Fr. Lawrence Jagdfeld, O.F.M., Administrator
We've all heard the expression: "Blood is thicker than water." Apparently this particular proverb does not apply for Christians.
Today's episode in the Gospel of St. Matthew usually raises questions about the so-called "brothers" of Jesus. Catholic tradition teaches that Jesus was conceived of the Holy Spirit and that Mary remained a virgin throughout her life. Yet the Gospels refer to the brothers of Jesus. To understand this reference, we must make ourselves familiar with the notion of family in first century Middle Eastern countries and cultures.
A man's household consisted of his wife and children as well as the wives and children of his brothers. Sons did not leave the homes of their fathers. When they took a wife, the woman came to live with the man in the home of his father. Daughters, conversely, left the homes of their fathers to live in the homes of their husbands. When a man died, his house and his belongings were inherited by his eldest son who took his father's place as the patriarch of his family unit. His younger brothers continued to live with him along with their wives and children. The women, girls and young boys lived together in one part of the home while the men and adolescent boys lived in a separate part of the home. Thus, the term brother came to mean all of the males living in a particular home. Mary would have been living in the home of Joseph's father or older brother along with her in-laws. There was no possibility of a woman living a solitary life although biographical movies about Jesus and Mary usually portray her this way. Even if Joseph left no family behind, upon his death Mary would have been forced to move back to the home of her father, her uncles, or her brothers.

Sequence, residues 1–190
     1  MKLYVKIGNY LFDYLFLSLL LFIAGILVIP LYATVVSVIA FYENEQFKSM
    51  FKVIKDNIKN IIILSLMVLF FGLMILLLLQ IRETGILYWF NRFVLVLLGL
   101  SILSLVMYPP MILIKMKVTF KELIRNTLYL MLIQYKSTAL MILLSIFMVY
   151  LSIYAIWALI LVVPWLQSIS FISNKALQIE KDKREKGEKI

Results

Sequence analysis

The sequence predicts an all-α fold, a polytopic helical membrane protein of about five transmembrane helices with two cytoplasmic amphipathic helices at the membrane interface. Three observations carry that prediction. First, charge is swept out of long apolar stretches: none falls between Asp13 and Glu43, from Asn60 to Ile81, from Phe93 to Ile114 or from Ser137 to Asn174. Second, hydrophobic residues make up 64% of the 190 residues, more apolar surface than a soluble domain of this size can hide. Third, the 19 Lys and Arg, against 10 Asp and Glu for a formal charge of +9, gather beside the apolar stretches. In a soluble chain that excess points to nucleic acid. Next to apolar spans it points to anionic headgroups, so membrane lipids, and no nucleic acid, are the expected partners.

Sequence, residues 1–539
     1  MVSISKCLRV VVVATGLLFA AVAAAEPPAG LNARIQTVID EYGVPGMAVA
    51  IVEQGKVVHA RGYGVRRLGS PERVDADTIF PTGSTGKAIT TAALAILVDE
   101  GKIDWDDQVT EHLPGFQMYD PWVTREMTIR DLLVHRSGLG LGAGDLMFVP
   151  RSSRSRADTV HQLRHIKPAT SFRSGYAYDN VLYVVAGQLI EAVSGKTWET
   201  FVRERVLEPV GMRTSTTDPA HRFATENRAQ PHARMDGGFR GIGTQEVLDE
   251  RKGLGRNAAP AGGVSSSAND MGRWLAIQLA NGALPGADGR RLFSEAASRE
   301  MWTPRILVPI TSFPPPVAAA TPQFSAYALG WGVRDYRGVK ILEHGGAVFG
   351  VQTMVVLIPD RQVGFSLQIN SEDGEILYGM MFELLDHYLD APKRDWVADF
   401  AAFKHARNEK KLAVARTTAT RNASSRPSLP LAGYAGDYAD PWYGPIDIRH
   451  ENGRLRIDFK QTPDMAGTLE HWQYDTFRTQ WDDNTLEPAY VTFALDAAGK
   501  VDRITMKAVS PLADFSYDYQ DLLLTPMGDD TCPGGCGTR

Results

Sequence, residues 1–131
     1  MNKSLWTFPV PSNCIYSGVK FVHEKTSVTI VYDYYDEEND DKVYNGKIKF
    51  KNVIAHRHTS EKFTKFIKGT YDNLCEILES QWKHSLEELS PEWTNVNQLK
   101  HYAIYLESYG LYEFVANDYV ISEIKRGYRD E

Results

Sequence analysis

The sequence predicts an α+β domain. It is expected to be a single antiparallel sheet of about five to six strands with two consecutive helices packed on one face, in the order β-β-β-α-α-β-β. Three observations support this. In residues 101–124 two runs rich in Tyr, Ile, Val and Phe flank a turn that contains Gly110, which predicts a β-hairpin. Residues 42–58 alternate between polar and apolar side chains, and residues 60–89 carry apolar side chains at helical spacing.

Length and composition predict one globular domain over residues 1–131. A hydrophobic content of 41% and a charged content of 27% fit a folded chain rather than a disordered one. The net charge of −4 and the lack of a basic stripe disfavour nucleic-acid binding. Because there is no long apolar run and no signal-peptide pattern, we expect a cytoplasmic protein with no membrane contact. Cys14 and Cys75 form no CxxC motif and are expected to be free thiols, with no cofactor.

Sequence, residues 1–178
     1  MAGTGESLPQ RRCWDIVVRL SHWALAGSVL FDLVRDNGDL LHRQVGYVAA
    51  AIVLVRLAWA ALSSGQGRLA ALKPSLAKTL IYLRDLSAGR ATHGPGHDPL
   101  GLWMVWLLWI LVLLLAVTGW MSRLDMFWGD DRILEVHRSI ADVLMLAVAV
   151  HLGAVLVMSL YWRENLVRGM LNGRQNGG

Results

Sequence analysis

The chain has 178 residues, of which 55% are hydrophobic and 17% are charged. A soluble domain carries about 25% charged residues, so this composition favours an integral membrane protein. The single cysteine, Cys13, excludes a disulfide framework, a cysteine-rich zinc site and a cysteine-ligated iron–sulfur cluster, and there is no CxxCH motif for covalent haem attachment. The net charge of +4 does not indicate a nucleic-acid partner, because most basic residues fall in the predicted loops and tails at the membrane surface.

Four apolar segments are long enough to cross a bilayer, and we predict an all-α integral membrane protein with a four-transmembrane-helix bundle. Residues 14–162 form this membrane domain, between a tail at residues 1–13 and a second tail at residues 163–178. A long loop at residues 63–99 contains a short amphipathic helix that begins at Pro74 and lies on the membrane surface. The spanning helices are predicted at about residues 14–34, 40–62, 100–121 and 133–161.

Family units were the backbone of the social and cultural structure of first century Israel. Loyalty to the family was a priority for these people. To move beyond family was to deny one's past, one's present and one's future. So when Jesus indicates that his family includes those who hear the word of God and live by it, he is essentially saying that water, the waters of baptism that is, is thicker than blood. Our relationship is as strong as the bonds of family for a typical Middle Eastern first century family.